His heart was magnificent.

No wonder Grandpa was a successful salesman. He was deeply good with people, and that was his golden charm. He could not cook, (Bob cannot even boil water, moaned my grandmother, phone cord stretched to a fare-thee-well as she gossiped to her friends while stirring dinner) nor was he handy with household repairs, relying heavily on duct tape to patch things up.

He puttered at the local hardware store many Saturday mornings, looking dapper in his weekend jeans and Ivy hat. Grandpa was there for conversation, purchasing tools he would never use, in order to Give the fellows some friendly business, Kristin.

He served by way of conversation. Direct and graciously honest, he dismantled all smoke and mirrors with plain speech, seeking others out, inquiring about their interests, meeting them right where they were, always abounding in friendly care. (Once, while he and Grandma were visiting our church, he noted our pastor’s threadbare sports coat, his keen eyes traveling the row of endless children in this minister’s family. Grandpa spent the next day hatching a plan to quietly assimilate the necessary measurements in order to purchase two brand new suites. Which he did, delivered anonymously, so as not to embarrass. I was sworn to secrecy, and kept my promise, beaming at the magnanimity of my grandfather.)

Grandpa was winsome: his inherent ability to connect with others was magical. He was popular with others mainly because he never tried to be.

There you are, his eyes spoke kindly, offering me, his shy granddaughter, an arm, treating me like royalty as we entered church, or a store, or a restaurant.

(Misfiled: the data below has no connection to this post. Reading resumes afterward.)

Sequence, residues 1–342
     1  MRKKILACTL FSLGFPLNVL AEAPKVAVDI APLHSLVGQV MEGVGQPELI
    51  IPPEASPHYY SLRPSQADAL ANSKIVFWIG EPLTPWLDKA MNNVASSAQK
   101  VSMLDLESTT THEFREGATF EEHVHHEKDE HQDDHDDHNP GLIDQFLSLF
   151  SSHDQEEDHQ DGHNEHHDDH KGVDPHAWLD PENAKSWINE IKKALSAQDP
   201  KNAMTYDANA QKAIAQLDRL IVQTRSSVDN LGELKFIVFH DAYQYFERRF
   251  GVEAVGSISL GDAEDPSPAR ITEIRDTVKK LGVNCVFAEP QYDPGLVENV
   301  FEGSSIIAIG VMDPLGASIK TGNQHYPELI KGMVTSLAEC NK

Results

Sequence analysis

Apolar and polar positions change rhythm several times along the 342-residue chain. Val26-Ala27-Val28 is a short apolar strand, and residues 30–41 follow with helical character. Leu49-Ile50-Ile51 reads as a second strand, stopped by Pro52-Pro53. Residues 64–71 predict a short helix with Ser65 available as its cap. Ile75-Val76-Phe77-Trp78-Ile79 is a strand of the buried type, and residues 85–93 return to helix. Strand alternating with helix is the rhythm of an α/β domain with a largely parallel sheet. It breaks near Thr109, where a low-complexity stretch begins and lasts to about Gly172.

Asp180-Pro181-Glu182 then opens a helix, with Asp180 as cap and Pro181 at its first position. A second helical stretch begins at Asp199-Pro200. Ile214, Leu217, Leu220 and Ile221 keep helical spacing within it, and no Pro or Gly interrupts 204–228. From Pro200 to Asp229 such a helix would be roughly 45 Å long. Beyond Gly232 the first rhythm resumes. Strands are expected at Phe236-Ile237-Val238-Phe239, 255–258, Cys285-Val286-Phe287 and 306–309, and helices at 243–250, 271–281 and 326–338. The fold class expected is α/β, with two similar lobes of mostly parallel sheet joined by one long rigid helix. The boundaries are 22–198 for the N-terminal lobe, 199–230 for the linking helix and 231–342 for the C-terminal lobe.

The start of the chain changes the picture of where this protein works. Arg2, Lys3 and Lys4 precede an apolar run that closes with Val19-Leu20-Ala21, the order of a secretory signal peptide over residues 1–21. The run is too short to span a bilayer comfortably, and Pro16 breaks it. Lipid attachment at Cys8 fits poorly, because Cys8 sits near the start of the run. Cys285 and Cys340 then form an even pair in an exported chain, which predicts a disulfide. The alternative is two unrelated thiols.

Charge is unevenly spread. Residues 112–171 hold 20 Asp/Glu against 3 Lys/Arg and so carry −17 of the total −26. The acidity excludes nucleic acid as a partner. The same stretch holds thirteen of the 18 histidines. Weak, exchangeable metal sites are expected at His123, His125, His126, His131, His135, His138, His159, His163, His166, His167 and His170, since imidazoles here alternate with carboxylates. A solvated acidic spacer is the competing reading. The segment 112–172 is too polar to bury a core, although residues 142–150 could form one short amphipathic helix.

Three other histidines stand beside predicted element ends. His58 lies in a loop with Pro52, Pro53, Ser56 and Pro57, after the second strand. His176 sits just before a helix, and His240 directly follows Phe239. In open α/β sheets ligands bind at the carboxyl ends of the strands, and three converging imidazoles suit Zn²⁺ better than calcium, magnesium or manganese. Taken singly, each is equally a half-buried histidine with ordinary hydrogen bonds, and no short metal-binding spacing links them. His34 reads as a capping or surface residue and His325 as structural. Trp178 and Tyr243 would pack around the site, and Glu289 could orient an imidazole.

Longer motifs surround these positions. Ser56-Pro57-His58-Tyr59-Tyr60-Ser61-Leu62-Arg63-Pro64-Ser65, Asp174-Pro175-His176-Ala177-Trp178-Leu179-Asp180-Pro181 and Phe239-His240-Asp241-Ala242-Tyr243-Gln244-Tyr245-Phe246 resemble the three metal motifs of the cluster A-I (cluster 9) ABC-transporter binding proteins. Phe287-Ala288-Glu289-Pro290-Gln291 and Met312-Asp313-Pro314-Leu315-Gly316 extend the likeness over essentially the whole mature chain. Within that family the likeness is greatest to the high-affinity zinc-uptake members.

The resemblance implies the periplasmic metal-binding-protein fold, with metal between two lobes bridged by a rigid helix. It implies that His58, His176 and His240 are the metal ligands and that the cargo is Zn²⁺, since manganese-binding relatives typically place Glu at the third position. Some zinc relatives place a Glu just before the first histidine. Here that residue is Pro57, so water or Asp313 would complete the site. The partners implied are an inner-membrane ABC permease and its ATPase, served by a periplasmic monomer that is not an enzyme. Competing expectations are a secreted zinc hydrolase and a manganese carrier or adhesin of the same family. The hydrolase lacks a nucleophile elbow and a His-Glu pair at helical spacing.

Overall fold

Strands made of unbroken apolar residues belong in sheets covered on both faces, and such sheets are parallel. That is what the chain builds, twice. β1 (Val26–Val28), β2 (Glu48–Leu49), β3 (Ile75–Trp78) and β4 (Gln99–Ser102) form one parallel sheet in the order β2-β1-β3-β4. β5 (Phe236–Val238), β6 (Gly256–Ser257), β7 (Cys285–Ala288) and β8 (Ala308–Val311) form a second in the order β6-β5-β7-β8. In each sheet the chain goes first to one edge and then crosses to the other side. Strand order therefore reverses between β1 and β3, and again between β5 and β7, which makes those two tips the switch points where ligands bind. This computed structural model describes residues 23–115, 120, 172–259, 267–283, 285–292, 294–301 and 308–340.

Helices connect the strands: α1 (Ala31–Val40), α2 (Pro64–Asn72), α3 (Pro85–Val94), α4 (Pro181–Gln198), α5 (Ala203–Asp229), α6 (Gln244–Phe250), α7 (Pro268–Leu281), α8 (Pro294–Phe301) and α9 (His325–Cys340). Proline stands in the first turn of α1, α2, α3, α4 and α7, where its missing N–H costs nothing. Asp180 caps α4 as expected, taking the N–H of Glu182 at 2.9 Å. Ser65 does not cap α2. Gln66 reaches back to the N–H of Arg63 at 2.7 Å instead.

If Grandpa had one besetting sin it was his quick temper, which was utterly forgivable, seeing that it soared only to defend his loved ones. He seemed incapable of nursing a grudge and was quick to forgive.

Once, when I was an infant, visiting Grandpa’s and Grandma’s church, my mother dropped me off in the large nursery prior to the service. The sermon was scarcely over when Grandpa hot-footed it to retrieve me, eager to show off his only granddaughter.

The nursery attendant, who knew my grandparents quite well, refused to hand me over the half-door.

Rules are rules, Bob. We may only return her to the person who dropped her off.

He was livid.

But I am her grandfather!

The woman raised an eyebrow but would not budge.

Grandpa’s eyes widened, as they always did when he meant business. He swirled through the crowd in a huff, tracking down my mother. After a few minutes, his temper melted to reason, and he circled back to the nursery attendant to thank her and to apologize for his ire.

You were only doing your job, and I see now that Kristin is quite safe in our nursery.

It was endearing how quickly he recognized his wrongs.

Safety through protection remained his native tongue, love in the highest form. He shielded me from things like a creepy cousin, an unusual great-grandfather, and even from my own despair.


One year, when I was at the tender age of eleven, that uncomfortable time in a child’s life where everything feels in between and awkward, my aunt announced that she was going to forge her way into the hair cutting industry.

She was flush with ideas that typically fizzled, given time. She was going to become a concert pianist, an accomplished cook, an artist who painted and stenciled cloth bags, and then a professional Christmas crafter. But nothing stuck. I felt her pulsing unsteadiness. She was the mother of two sons and zero daughters, which remained a cosmic sticking point in our family tree. Desperately pining for a daughter, I felt her tracing my movements, eyes narrowed. I was that sore, perpetual reminder of what she lacked. It felt oppressive, as though I had done something dreadful.

To this day, I do not understand why I was allowed to be her hair-cutting victim. I have a few theories, but whatever the actual reasons, I knew I did not want her touching my hair, which in my opinion was far too short already. In fact, I was desperately trying to grow my hair longer before middle school. No matter. I was instructed to ascend the chair, and allow my aunt to practice her newly-discovered passion.

I was her first and last client.